The popularity of the jaguar watching here in recent years means that there are now more and more boats out searching for and reporting jaguar sightings which in turn is increasing the chances for everybody to see even more of jaguars. It can however though get busy in the peak months with multiple boats taking their turn to drift quietly past a resting jaguar.
If you are looking for a quieter, more intimate jaguar experience then the Taiama Ecological Reserve on the Paraguay River is worth considering. The river here is much larger, with a lower density of jaguars and as a result has much fewer jaguar watching boats. It is worth noting though that this lack of spotters, does result in far fewer sightings overall and much more effort is required to see jaguars here.
The third jaguar watching destination in the Pantanal is quite different as it offers an excellent low volume, high value wildlife experience that has been modeled on the private concessions of Botswana and South Africa.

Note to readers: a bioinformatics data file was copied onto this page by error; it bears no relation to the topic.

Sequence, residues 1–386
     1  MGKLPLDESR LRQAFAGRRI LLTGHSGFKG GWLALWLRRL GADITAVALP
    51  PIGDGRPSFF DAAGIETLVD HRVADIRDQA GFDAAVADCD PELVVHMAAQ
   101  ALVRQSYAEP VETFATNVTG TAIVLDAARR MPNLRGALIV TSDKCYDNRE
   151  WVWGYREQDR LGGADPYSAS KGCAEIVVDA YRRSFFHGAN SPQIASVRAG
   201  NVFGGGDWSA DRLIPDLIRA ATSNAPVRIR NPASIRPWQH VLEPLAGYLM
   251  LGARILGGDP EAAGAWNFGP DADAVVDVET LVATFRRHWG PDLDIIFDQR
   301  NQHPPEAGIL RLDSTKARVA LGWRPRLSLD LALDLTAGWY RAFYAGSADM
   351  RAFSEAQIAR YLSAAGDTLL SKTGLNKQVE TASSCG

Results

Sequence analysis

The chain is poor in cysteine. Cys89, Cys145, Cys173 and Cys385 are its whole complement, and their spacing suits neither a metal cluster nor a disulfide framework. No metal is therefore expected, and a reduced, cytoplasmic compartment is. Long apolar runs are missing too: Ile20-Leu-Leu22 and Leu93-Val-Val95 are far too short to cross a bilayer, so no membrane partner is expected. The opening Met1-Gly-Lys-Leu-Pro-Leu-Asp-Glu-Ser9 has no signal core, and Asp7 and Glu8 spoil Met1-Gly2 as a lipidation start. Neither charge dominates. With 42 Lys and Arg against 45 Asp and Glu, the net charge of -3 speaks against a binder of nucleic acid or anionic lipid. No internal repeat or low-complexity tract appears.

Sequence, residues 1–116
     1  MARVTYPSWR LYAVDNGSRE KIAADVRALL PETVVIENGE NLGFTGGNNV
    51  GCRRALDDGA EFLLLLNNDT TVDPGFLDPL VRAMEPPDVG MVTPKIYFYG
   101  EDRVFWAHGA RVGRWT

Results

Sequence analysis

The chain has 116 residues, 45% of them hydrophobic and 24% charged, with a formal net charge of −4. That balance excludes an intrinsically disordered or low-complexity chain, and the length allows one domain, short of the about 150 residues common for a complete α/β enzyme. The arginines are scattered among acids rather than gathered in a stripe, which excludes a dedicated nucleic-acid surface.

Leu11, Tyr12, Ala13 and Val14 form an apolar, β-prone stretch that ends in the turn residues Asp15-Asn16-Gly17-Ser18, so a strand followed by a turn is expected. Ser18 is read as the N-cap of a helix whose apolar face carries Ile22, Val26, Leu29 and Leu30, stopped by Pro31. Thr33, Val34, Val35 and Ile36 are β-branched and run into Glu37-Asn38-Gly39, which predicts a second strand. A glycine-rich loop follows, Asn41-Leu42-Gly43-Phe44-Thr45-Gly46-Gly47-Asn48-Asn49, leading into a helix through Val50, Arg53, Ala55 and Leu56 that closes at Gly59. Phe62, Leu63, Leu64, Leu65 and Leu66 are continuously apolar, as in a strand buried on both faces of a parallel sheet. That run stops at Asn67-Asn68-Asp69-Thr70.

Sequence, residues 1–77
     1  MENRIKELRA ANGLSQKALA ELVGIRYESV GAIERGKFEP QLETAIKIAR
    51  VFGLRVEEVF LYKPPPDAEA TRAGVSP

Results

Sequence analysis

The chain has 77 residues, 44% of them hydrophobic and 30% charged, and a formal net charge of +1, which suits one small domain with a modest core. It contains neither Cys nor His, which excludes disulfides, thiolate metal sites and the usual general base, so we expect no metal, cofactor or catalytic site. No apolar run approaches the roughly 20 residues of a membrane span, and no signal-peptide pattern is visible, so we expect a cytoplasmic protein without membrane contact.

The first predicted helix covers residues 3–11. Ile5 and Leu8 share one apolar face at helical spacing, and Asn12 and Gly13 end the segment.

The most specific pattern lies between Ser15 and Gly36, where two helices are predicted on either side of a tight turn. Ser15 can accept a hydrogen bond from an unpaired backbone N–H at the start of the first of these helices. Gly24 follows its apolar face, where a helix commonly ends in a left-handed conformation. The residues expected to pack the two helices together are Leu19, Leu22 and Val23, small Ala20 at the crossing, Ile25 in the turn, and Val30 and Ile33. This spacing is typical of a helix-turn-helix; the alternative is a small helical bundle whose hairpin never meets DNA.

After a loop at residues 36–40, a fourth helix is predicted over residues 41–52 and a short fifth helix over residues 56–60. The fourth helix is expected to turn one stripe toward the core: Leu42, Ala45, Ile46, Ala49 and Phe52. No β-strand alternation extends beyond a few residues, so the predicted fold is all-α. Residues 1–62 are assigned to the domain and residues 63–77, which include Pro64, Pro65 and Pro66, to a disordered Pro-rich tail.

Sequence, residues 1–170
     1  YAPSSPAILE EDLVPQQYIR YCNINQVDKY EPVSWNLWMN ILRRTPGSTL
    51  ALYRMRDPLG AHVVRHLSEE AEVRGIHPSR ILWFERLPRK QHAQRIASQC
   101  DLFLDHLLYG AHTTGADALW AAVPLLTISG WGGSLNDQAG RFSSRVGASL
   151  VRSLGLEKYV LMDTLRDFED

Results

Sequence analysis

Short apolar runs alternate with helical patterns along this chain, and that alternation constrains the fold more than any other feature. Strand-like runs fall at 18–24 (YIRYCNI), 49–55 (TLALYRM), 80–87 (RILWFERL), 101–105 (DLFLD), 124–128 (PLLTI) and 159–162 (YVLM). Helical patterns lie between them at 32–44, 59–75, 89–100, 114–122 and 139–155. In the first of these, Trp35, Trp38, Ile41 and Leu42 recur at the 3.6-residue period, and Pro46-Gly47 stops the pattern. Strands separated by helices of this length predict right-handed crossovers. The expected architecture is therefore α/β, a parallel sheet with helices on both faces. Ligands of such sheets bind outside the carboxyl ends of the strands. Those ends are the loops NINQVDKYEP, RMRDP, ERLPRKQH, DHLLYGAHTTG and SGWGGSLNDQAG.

The jaguar watching here has been developed by the fantastic Oncafari Project, based at the Caiman Ecological Refuge in the southern Pantanal, three hours by road from the city of Campo Grande. This experience offers guests high comfort lodging and a very authentic and all-round Pantanal experience. Instead of searching for jaguars by boat, here you can enjoy the thrill of seeking these big cats on a safari by 4WD. In the expert company of the Oncafari team you will search for both collared and non-collared jaguars in a mosaic of gallery forest, savannah and seasonal lakes. A handful of the many jaguars on the 53,000-hectare property have been fitted with GPS, VHF and satellite transmitter collars in order to gather important data on jaguars’ movements, habitat use and potential threats and conflicts with cattle ranchers, all of which is fed back into jaguar conservation.
With ocelots, giant anteaters, tapirs, giant otters, hyacinth macaws, jabiru storks, anacondas and much more there is plenty to keep wildlife enthusiasts excited on a trip to the Pantanal in between the mesmerising jaguars.